Natural Wetlands are First Choice for Egrets

By Dana Kobilinsky

Natural Wetlands are First Choice for Egrets. Image Credit: das_miller, licensed by cc 2.0

While human-influenced wetlands such as flooded rice fields and ponds are available to great egrets (Ardea alba) in Louisiana and South Carolina, they still prefer to forage in natural wetlands, according to a recent study.

“Rice fields have been fairly well studied as bird habitat in many parts of the world, but much less so in Louisiana,” said Jason Fidorra in a press release. Fidorra is a wildlife biologist with the Washington Department of Fish and Wildlife and lead author of the study published in The Condor: Ornithological Applications. “We found that while great egrets did use rice fields, they were never selected more strongly than natural wetlands. This suggests that they are less-than-adequate replacements to natural wetlands.”

As part of the study, researchers used satellite transmitters and conducted aerial surveys to determine habitat use of great egrets in Louisiana and South Carolina. They found that tagged birds didn’t use flooded agricultural fields at all; however the aerial survey showed they did visit some human-influenced wetlands including ponds and crayfish production impoundments.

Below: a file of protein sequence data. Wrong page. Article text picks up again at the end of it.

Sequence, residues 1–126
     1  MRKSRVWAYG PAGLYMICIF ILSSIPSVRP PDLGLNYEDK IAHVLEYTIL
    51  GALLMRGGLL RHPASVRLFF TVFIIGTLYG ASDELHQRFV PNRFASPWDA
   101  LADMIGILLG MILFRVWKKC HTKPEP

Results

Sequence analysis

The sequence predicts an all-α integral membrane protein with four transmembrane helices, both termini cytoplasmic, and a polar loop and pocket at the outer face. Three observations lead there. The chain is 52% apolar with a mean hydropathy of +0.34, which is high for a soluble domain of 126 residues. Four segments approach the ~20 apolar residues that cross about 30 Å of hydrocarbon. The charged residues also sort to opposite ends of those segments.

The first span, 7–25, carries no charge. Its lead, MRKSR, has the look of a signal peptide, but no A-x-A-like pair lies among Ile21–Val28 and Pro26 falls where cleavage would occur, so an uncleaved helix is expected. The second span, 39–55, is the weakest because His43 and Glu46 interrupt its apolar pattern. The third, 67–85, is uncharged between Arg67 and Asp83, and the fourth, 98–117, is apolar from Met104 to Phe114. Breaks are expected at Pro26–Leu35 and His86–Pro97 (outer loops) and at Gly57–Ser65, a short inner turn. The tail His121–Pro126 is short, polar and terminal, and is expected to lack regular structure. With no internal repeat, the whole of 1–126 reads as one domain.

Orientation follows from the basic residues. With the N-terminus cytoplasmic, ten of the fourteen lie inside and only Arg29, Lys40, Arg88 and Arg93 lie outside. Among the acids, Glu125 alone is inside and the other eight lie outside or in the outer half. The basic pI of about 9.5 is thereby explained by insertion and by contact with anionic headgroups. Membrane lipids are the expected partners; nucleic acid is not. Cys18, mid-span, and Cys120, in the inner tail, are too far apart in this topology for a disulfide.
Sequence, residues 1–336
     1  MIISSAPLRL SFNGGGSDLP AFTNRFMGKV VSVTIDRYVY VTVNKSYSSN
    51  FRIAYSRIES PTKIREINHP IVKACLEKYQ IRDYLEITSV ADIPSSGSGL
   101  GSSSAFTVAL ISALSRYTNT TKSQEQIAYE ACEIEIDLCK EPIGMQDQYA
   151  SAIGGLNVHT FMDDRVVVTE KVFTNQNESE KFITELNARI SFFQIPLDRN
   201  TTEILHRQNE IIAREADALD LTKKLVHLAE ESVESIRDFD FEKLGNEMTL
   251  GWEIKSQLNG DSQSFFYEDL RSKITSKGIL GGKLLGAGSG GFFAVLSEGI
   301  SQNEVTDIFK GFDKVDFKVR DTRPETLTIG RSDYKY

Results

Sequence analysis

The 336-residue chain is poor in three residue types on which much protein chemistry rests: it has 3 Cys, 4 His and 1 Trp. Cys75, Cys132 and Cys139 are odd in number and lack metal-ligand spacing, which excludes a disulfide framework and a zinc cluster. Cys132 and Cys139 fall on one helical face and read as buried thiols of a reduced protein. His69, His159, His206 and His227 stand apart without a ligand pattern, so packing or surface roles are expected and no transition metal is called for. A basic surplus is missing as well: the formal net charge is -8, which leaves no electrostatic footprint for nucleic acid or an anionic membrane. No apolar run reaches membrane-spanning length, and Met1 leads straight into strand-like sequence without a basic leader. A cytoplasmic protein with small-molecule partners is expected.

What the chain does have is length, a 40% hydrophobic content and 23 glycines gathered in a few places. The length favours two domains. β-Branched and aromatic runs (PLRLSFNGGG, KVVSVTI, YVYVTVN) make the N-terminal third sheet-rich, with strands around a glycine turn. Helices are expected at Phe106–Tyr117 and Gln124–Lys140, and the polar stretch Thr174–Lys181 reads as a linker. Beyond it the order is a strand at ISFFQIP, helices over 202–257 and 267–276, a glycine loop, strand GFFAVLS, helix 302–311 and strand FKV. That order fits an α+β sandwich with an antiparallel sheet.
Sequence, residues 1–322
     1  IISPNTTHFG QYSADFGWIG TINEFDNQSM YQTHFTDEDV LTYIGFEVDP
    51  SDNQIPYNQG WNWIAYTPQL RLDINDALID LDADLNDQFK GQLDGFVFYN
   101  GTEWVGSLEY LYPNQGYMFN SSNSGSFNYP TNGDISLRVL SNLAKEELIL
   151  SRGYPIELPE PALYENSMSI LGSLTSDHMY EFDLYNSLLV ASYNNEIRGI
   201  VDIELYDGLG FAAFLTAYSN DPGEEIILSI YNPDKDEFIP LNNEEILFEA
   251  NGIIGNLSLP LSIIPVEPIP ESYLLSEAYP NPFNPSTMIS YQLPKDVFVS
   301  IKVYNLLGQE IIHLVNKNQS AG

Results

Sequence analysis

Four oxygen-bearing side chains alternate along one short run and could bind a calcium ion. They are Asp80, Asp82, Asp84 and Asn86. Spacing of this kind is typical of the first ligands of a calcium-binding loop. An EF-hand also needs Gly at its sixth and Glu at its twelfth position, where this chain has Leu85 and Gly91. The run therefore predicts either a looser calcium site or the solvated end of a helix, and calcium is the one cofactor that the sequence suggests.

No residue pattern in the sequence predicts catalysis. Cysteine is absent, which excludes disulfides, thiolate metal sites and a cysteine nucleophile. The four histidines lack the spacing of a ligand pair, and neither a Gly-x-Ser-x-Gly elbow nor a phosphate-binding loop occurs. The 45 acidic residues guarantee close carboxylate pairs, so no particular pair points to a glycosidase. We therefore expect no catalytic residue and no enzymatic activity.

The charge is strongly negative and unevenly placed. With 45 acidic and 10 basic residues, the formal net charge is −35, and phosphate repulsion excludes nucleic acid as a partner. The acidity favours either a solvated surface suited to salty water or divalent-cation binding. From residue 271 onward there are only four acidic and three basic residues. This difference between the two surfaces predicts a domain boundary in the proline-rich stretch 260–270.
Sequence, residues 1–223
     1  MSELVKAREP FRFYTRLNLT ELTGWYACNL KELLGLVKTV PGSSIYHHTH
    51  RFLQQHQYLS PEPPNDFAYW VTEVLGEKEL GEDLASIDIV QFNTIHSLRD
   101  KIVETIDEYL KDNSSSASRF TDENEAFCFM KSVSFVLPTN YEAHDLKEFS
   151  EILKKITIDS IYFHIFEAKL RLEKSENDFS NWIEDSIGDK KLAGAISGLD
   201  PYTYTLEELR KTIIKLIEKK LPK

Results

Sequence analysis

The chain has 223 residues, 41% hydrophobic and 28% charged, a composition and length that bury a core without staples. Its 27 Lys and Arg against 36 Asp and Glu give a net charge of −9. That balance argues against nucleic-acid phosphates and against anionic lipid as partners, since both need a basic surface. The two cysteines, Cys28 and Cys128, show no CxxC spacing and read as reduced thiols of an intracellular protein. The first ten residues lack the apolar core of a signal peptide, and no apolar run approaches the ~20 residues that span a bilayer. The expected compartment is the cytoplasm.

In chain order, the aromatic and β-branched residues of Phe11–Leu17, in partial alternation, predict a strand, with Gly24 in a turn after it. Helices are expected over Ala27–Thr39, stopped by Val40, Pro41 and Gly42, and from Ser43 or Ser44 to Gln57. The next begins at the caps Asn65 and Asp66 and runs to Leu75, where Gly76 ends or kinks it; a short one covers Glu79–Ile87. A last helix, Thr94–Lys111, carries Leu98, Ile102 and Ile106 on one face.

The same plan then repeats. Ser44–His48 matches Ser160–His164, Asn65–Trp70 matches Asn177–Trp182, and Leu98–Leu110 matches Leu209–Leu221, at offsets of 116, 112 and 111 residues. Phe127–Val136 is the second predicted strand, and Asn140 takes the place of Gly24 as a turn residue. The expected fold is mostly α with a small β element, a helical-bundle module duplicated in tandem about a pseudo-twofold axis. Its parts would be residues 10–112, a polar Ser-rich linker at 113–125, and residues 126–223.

Even as more fish hatcheries, flooded agricultural fields, artificial ponds and reservoirs pop up, researchers concluded that, for the most part, birds in the southeastern United States still prefer their natural habitat.

The health and abundance of long-legged wading birds is related to the wellness of their habitat including freshwater, estuarine wetlands, ponds lakes and rivers, said John Brzorad, an expert on egret movements and energy requirements and director of the Reese Institute for Conservation of Natural Resources at Lenoir-Rhyne University in a press release. “This study is an excellent reaffirmation of the conservation value of natural wetlands and will further stimulate research on the value of golf courses, suburban and retention ponds using advancing telemetry methods.”

Dana KobilinskyDana Kobilinsky is a science writer at The Wildlife Society. Contact her at dkobilinsky@wildlife.org with any questions or comments about her article. You can follow her on Twitter at @DanaKobi.

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